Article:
Today my boss surprised me with a copy of Two Scoops of Django (alpha version, no print just yet). When I first looked at the book's website, I couldn't locate any excerpts, and I really didn't know what to expect. But then I noticed the reviews posted below the front matter and found out that this is not your average Django book.

Django is by far the most popular python frameworks, and one of the most popular web frameworks in general. It owes its popularity to completeness, robustness, elegant design, and stability. If you ask me, though, the best thing about Django is its documentation. Having said that, it's one thing to know how the tools work. How to use them properly is a completely different thing. Two Scoops of Django is a book that fills this gap. I think this comment summarizes it well:

You know those lessons you learn when projects blow up in your face? This book contains several projects worth of such lessons. -- Lennart Regebro, author of "Porting to Python 3"

Indeed, there were some very painful lessons I have learned over time, and not just at later stages of building Django applications, but also lessons that I should have learned right at the very beginning, when I scaffold a new project.

It's no news that Django's official tutorial isn't always following the best practices, and while one could argue that the path that lies beyond the very basics is not a single path, one good path is enough for most people. This book might seem opinionated to opinionated people, but for those that are still exploring in the darkness, it's godsent. This is especially true for absolute beginners.

Another reason this book is important is that it covers the almost-released Django 1.5 (still RC1 as of this writing). There is no better way to get started with a new version than with pockets full of best practices.

The book covers all aspects of Django development. From coding style, to organizing your code, to application design basics, to testing, to documentation... It is packed full of useful tips on much more than this humble blog post can enumerate. Each section gives you theoretical discussions, code examples, and, on occasion, remarks about authors' preferences. You can read it as thoroughly or as superficially as you want. The book is composed of more-or-less self contained sections. All of this means that if you are in a hurry, you can skip right to the desired part of the book, use the provided snippets and start exploring on your own. Or, you could come back for some theory behind it all, and gain better understanding of the issue.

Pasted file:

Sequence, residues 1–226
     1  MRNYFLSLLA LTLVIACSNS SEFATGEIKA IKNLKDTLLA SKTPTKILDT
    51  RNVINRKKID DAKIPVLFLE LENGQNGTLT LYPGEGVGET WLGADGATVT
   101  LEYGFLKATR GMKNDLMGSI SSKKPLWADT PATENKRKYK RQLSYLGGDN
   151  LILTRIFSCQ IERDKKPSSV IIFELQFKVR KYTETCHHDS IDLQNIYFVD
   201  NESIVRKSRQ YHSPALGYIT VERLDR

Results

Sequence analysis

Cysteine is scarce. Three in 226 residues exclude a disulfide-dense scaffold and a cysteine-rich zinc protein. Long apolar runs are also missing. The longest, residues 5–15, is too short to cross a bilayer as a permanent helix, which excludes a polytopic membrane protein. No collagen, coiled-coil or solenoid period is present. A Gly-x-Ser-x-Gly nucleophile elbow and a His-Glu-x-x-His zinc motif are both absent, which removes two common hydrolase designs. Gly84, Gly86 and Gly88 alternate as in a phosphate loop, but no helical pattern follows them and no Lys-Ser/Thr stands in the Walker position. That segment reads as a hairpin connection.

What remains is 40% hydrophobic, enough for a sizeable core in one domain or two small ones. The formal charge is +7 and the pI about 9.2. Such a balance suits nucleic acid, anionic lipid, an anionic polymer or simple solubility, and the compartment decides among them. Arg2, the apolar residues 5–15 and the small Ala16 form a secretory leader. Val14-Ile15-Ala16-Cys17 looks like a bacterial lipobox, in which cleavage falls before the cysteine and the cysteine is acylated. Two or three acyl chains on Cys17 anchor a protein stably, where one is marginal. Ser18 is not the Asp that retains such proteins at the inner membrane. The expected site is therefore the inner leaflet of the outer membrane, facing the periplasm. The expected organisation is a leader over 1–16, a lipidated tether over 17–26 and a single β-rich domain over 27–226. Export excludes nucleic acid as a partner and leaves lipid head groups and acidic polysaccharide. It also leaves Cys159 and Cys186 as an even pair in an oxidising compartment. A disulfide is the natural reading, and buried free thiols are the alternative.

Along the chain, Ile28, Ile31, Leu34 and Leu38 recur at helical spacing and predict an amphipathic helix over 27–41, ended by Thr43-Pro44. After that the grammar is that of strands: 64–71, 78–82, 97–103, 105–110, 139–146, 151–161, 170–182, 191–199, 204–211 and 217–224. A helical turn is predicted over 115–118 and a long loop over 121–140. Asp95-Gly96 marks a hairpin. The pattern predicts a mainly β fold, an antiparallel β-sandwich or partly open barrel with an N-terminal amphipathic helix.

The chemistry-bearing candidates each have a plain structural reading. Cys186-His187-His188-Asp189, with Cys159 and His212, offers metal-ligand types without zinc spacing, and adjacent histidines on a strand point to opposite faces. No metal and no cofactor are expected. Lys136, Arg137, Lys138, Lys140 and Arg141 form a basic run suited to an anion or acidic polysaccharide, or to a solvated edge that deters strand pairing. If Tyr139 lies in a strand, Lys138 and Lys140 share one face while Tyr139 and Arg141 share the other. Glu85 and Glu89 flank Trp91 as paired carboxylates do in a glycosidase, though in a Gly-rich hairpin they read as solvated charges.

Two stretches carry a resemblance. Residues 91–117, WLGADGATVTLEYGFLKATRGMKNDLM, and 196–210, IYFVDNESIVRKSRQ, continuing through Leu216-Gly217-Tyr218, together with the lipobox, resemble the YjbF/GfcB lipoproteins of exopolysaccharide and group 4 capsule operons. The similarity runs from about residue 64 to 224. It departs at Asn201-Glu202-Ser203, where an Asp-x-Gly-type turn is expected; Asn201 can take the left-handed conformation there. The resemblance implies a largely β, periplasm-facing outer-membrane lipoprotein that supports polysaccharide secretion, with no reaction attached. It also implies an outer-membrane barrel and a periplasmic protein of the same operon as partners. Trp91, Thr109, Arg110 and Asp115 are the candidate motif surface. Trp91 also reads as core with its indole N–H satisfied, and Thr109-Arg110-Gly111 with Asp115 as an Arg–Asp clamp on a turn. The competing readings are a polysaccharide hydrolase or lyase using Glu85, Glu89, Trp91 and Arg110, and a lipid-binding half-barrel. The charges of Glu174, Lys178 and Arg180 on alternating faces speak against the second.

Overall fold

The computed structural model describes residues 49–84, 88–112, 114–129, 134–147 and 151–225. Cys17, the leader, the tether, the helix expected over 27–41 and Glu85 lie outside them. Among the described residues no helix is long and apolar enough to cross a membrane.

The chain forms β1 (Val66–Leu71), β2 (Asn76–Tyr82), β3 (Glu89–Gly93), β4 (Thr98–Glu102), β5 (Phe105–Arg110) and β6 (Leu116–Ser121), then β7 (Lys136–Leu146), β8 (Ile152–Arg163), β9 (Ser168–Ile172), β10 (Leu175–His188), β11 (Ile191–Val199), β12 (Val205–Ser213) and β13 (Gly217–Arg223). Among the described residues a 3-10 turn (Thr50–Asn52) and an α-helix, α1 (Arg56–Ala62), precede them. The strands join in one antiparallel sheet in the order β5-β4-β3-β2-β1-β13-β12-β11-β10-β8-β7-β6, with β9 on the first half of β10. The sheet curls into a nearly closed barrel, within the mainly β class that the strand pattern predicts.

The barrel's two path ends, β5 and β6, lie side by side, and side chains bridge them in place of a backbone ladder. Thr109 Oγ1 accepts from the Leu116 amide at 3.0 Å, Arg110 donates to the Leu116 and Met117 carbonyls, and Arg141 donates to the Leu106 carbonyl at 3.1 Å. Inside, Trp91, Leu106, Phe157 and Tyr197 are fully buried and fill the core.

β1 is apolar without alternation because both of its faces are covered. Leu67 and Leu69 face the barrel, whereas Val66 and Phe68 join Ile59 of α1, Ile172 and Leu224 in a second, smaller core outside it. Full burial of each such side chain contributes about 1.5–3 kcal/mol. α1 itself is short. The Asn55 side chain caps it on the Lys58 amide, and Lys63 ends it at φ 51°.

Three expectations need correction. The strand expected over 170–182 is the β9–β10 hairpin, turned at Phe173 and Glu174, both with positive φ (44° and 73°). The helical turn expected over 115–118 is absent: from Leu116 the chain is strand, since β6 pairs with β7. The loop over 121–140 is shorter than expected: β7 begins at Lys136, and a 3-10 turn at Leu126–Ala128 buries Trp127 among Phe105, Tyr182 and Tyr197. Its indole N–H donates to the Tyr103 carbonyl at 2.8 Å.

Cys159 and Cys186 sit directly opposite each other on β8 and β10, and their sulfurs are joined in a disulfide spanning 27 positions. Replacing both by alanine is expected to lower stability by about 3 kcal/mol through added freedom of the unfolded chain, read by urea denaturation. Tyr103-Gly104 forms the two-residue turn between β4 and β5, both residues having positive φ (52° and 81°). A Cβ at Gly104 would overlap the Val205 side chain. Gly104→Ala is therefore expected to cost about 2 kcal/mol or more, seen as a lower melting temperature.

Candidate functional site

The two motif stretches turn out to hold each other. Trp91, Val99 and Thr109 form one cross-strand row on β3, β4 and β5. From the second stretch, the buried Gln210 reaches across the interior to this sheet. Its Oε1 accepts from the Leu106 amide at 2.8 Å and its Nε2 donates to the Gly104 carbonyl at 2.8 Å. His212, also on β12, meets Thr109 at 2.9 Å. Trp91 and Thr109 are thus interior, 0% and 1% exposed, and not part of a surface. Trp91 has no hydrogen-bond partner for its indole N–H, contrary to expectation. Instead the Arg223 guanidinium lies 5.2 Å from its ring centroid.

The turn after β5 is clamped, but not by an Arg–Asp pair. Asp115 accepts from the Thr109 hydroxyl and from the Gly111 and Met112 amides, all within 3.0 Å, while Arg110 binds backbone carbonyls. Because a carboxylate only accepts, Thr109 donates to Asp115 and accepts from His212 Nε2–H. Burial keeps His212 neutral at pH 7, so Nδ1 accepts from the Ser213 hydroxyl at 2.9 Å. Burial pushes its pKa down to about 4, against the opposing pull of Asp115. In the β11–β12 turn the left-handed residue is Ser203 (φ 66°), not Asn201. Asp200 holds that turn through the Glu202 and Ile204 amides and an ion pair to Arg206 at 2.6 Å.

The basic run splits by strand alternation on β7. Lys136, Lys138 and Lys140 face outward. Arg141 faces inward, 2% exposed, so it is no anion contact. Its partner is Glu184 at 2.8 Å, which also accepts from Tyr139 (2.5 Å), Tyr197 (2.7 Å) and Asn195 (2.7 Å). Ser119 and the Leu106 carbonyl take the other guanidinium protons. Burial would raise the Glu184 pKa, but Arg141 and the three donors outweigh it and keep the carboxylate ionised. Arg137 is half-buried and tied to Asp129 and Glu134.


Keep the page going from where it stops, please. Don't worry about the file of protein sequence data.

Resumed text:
So far I've only written positive things about the book. Are there any negatives? Well yes. Only one: I wish I've read it earlier! It does have the tendency to make me feel a bit bad about some of the choices I've made in earlier projects and the potential problems with those choices that this book reveal.

Two Scoops of Django was written by Daniel Greenfield (NASA, O'Reilly) and Audrey Roy (MIT, Microsoft, SugarSync). You might know about their work in form of DjangoPackages, or LA Hackathons.

The book (PDF) is currently still in Alpha stage, and you can get it for a bargain price of $12, so I highly recommend you go and get it. Alpha customers will also receive Beta and final versions.